Two grass carp caught in Great Lakes

by Jason Bain | September 25, 2020
grass carp being held on a boat
Fisheries and Oceans Canada’s Asian Carp Program

Two grass carp were captured in Ontario waters this summer, the Ontario Federation of Angers and Hunters (OFAH) Invading Species Awareness Program (ISAP) confirmed.

The first was caught by an angler near Point Albino on Lake Erie who reported it via the Invading Species Hotline, while the second — a 16.324 kg, or approximately 36-pound fish — was captured by the Department of Fisheries and Oceans (DFO) Asian carps surveillance crews near Jordan Harbour on Lake Ontario.

The good news is grass carp, the only species of Asian carp found in the province to date, does not have an established population, aquatic program specialist Brook Schryer reminded. The bad news is that they remain an imminent threat.

Grass carp are few

Grass carp have been here for years, but in exceptionally small numbers. The DFO has suggested 10 fertile females and 10 fertile males congregating in the same area are needed to have a successful reproductive cycle, he noted.

“To put it into perspective, in 2019, DFO and its partners captured approximately 45,000 fish during their Asian carps surveillance and not a single one was an Asian carp,” he stated. “Generally speaking, it means that grass carp are here, but their numbers are too low to achieve a successful reproductive cycle in Ontario’s waters.”

Many unknowns make it challenging to predict whether they will multiply, Schryer added. What is known is that only adult fish have been found, most had been sterilized, and many northern US states allow stocking of the fish for biocontrol of aquatic weeds.

Anglers’ help needed

Anglers can help in many ways, such as being aware of the issue and learning how to identify the invasive fish. They look much like many native and non-native species such as creek chub, fallfish, and common carp, he said. Grass carp have short dorsal fins, eyes that sit even with their mouth, and large scales that appear cross-hatched. Also, unlike common carp, they do not have barbels.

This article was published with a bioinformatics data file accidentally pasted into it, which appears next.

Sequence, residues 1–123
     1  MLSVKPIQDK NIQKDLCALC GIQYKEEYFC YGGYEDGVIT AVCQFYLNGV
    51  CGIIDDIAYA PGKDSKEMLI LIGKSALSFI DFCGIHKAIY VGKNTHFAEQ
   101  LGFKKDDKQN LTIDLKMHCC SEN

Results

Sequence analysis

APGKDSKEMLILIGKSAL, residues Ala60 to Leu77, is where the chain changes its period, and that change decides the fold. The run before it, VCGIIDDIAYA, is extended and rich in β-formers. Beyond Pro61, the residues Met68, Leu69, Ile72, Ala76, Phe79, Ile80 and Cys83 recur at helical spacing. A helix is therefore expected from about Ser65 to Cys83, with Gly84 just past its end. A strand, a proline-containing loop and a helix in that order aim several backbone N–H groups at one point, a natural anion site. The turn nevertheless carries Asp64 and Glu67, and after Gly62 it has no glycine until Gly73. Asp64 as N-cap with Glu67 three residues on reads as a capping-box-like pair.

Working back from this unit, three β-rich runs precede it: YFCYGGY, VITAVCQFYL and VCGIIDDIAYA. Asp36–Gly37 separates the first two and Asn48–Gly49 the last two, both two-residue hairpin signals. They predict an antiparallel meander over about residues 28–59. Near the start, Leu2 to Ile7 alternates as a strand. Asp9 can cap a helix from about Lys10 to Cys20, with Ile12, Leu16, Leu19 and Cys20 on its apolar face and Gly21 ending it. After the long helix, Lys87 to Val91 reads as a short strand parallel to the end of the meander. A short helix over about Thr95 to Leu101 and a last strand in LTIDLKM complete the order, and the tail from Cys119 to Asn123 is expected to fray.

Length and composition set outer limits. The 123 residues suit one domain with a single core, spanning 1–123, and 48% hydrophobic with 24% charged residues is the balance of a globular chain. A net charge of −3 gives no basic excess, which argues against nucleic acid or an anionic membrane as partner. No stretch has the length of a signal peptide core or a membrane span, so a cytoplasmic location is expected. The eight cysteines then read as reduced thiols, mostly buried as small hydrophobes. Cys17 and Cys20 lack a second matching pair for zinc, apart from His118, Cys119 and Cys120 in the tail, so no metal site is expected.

“Understanding the key differences as well as teaching others will help anglers properly identify the fish if they do happen to catch one while angling,” Schryer said.

Other carp species

Other species of Asian carp include bighead, black, and silver carp. “This is not the jumping silver carp that many people see on YouTube,” he added.

“That being said, if grass carp were to become established in our waters, it would be a direct threat to our native species through competition and habitat destruction; it would alter water quality through the removal of aquatic plants and causing increases in the likelihood of algal blooms, and would fundamentally alter the food chain.”

ISAP, founded in 1992, is a partnership between the OFAH and Ministry of Natural Resources and Forestry dedicated to public education, addressing pathways of spread, and surveillance and detection of invasive species.
Those who suspect they’ve seen an Asian carp are asked to take a photograph and call the hotline at 1-800-563-7711 or provide a report online by clicking here.

Download a grass carp fact sheet here.

To read more on the province’s invasive species action plans, click here

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  1. Ross Leonard wrote: What are you to do if you catch a grass carp. Put it back in the water or dispose of It.
    • Meghan Sutherland wrote: Ross, from the Invading Species Awareness Program link attached to the story: "Don’t release any live fish into Ontario lakes or rivers. If you are fishing and incidentally catch an Asian carp, you must destroy it. Do not return it to the water."
    • Jason Bain wrote: Hi Ross. To elaborate on Meghan's response, here's the whole process from the Grass Carp fact sheet: If you think you have caught a Grass Carp, follow these steps: 1. Report it to the Invading Species Hotline: 1-800-563-7711, or, or report; 2. Work through this ID sheet; 3. If your fish matches ALL of the features of Grass Carp, go to step 4. Otherwise, if the fish cannot be lawfully kept, release it immediately to the waters where it was caught, in a manner that causes the least harm to the fish. OR, if the fish can be lawfully kept, you can either practice catch and release or keep it; 4. Take photographs of the fish from multiple angles with adequate lighting and note your geographic location(e.g. latitude and longitude); 5. If you were unable to reach someone directly in step #1, avoid unintentionally killing native fishes by being certain of your identification before killing a suspected Grass Carp. Ensure you are abiding by all of the laws highlighted in the Ontario Recreational Fishing Regulations Summary; and 6. IMPORTANT: Do NOT release the Grass Carp alive. Kill the fish without damaging the head or eyes. Gut the fish and keep it in a cooler, with its head above the ice. Fisheries and Oceans Canada will collect it! They learn a lot about the fish by conducting analyses on the head and eyes, such as whether or not the fish is fertile or sterile and where it came from